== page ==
Therefore, producing and selling closer to market is a far more viable option. The USL acquisition helped Diageo piggyback on popular USL brands such as Mc Dowell's No.1, Royal Challenge and Black Dog. It also helped Diageo significantly improve distribution might. "Earlier Diageo would supply to Nagpur from its facility and paid 15 per cent octroi. Now, it was possible to make it locally or bring it into a warehouse and supply, which meant they paid 15 per cent on far lesser value," explains ISWAI's Menon.
Since operating 94 factories did not make business sense to Diageo India, it has over the last seven years halved manufacturing facilities to 47. "We cut down where we felt there were opportunities for rationalisation. We also invested in quality manufacturing, and added automatic lines," points out Sankaranarayanan.
Diageo India, says Kripalu, is obsessed about selling rightly and ethically. "In 2014, I would have spent more time on compliance and the past than I spent on the future of the company. Till we fixed that, there was no future," he says. "People told me dhandha band ho jayega (business will shut down) if I held on to my stand. I told them that was absolutely fine, but I will not budge."
The company tried to do away with USL's push-sales method. In the alcohol industry, where only surrogate advertising is allowed, brand loyalty often becomes a challenge. "USL paid more to distributors and retailers in terms of margins to ensure its brands were sold. A branded liquor company will typically spend a lot on product innovation and promotion. There is a pull from consumers, he/she asks for a brand and doesn't buy what the shopkeeper pushes," explains Abneesh Roy, Executive Vice president, Research, Edelweiss Securities.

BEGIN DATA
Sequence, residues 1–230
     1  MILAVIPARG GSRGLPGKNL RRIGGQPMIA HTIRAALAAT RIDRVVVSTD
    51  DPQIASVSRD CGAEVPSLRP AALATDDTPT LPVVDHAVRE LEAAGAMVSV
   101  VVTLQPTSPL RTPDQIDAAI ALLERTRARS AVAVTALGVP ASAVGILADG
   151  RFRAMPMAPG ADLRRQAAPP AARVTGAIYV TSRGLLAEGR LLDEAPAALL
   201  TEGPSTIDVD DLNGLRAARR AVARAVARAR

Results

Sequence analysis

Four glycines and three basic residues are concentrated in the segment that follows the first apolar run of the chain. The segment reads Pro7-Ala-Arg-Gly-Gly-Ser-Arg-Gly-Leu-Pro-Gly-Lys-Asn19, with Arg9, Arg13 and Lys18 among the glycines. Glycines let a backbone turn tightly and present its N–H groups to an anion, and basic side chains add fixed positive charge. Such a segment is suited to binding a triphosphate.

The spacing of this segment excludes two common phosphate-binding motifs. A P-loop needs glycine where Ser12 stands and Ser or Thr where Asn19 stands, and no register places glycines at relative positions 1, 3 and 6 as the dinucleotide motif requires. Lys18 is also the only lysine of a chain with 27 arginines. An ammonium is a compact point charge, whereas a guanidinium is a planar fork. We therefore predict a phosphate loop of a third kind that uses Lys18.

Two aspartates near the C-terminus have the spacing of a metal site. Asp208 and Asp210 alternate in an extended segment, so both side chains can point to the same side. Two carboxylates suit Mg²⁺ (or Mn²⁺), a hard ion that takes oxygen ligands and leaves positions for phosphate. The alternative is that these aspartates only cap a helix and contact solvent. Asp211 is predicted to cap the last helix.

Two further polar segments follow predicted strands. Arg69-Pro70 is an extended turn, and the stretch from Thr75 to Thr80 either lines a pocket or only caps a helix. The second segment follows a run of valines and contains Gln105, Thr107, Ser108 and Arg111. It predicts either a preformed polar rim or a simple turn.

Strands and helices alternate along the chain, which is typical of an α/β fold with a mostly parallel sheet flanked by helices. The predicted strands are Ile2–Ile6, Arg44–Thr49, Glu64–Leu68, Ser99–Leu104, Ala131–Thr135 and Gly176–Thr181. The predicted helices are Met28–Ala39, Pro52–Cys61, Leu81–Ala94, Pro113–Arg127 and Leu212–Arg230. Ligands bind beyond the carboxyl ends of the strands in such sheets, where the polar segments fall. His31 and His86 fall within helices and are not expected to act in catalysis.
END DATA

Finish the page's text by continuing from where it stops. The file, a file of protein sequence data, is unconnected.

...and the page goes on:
In fact, this push-sales strategy is a major cause of compliance lapses. Close to 70 per cent of Indian states either manage liquor distribution or retail sales, and compliance norms of most multinationals doesn't allow them to give incentives to government employees. "The retail store manager or distributor expects us to give them incentives to sell our products and our hands are tied. They, therefore, prioritise local brands, which are not bound by compliance issues and give them what they want," points out the CEO of a leading multinational alcohol beverage company.
In Andhra Pradesh, Tamil Nadu, Kerala and Delhi, the government owns both wholesale and retail channels. In Madhya Pradesh and Chhattisgarh, the state government owns retail stores, while in Karnataka the state partly owns the retail network. An alcoholic beverage company requires almost 2,00,000 permissions annually to manufacture its brands in India. On an average every unit requires around 11,000 permissions, approvals and licences every month to do business. This explains the bureaucratic interference companies have to undergo. In addition, the nature of taxation and duties varies in each state.